Taking a closer look saves dollars and energy
at Carbondale wastewater plant
Treatment plant operators improve savings with new energy monitoring systems
By Suzie Romig & Heather McGregor
Clean Energy Economy News
Carbondale’s wastewater treatment plant operators use the interval data and the monthly bills displayed on the Garfield Energy Navigator website to implement more changes suggested in the energy audit.
Town of Carbondale Utility Supervisor
The wastewater treatment plant, the single largest energy consumer in the town government’s portfolio, had already cut its energy use by about 30 percent thanks to changes implemented about seven years ago. Now Carbondale Utility Director Mark O’Meara and Utility Supervisor Ralph Bryant have tightened the energy use screws and cut energy use by another 23 percent.
This focused attention on the plant’s operations boosted overall plant efficiency enough that the town has dropped its plans for a $15 million plant expansion. Instead, the town spent about $1.4 million on improvements that have high payback potential in energy savings. The funding includes a $500,000 grant from the Colorado Department of Local Affairs. Further capital improvements to heating and ventilation systems complete in 2012 are expected to deliver additional winter gas savings.
In addition to saving energy, the ongoing improvements at the wastewater plant have saved staff time and reduced the use of processed water. Town officials say the process has improved the quality of effluent going back into Roaring Fork River, so that a cleaner energy solution is also resulting in cleaner water.
Interval meter tracks energy use
Plant operators can track the plant’s electrical use on a daily basis now that an interval metering system is in place. An interval meter was installed at the plant in September 2009 by New Energy Technologies as part of their involvement with the Garfield New Energy Communities Initiative, now Garfield Clean Energy. The interval meter records electricity use data every 15 minutes and sends the data once a day to Automated Energy, Inc. in Oklahoma City via phone line. The interval data is then sent via the internet to the Garfield Energy Navigator website where it is charted along with other building energy data from other buildings in the region.
Plant operators can log on to the site, read the previous day’s interval data graphs and monitor the plant’s electric usage. The interval data, O’Meara said, “will show where we have aberrations in operations. Say a pump is cycling too much, it will show that.”
The Town of Carbondale, as a member of Garfield Clean Energy, also posts the wastewater plant's utility bills on the Energy Navigator for plant operators to analyze.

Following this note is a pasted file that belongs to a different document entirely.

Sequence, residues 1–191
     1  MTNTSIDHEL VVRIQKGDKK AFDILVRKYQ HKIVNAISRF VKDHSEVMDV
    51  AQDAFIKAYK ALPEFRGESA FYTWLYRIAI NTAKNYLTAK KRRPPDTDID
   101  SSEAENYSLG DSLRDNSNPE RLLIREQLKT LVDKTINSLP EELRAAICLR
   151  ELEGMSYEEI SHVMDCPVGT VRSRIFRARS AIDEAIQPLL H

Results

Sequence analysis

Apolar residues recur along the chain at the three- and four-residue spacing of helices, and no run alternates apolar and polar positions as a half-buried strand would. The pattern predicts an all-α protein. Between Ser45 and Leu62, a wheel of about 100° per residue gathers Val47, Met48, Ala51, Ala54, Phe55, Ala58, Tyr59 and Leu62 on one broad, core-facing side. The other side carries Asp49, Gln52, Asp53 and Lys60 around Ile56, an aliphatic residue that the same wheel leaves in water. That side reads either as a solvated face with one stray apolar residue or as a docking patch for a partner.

Energy audit targets plant upgrades
Earlier in 2009, Schmueser Gordon Meyer engineers (SGM) in Glenwood Springs conducted a comprehensive energy audit of the treatment plant. Originally SGM was called in to consult on a plant expansion. Instead, SGM engineers recommended a package of efficiency improvements.
The plant upgrades include:
- Installing a new air diffusion system in the digesters
- Replacing low-efficiency blower motors with high-efficiency motors
- Rebuilding motors and pumps
- Rerouting processes
- Incorporating automation at key locations
“It takes a lot of energy to put in a new building, and we would have been utilizing added equipment to run the additional process,” said O’Meara. Instead, he said, “We are reconditioning the plant, similar to rebuilding an old car, and reusing a lot of parts.”
O’Meara and Bryant have also focused on education and awareness for plant operators, creating a team approach to the energy-saving goal.
Plant improvements set a new baseline for energy use
Total utility energy spending
O’Meara said he was proud of his staff as he watched what happened over the next few months as the plant operators use the interval data and the Energy Navigator database to implement more changes suggested in the energy audit.
The operation is more efficient, and the energy use is more efficient,” O’Meara said. “The work that we are doing to change our operations has established a new lower baseline for energy use.”
O’Meara’s team of skilled operators used their upgraded plant’s new capabilities and it’s new energy data tools to achieve a 23 percent energy cost reduction. He noted that the current budget crunch is “causing people to take another look” at what they can do cut costs in utility and industrial operations.
The energy use information on the Energy Navigator is also being evaluated by mechanical engineer Mike Ogburn, who works in energy tracking for Clean Energy Economy for the Region (CLEER) in Carbondale, the nonprofit that is managing the programs and services of the Garfield New Energy Communities Initiative.
Ogburn said one of the biggest challenges in helping towns meet their energy efficiency goals is having accurate, current data to analyze.
“Towns around the region have adopted goals to save energy and to reduce greenhouse gas emissions, but measuring progress toward those goals is difficult and often not put in place as part of the energy reduction plan. Very few communities have the systems in place to track progress toward those goals,” Ogburn explained.
“Now with Energy Navigator presenting both the daily electricity usage and monthly bills, the Carbondale wastewater plant team will be able to refine their processes from day to day. They’ll be able to continue meeting water quality requirements while driving down energy costs,” he said.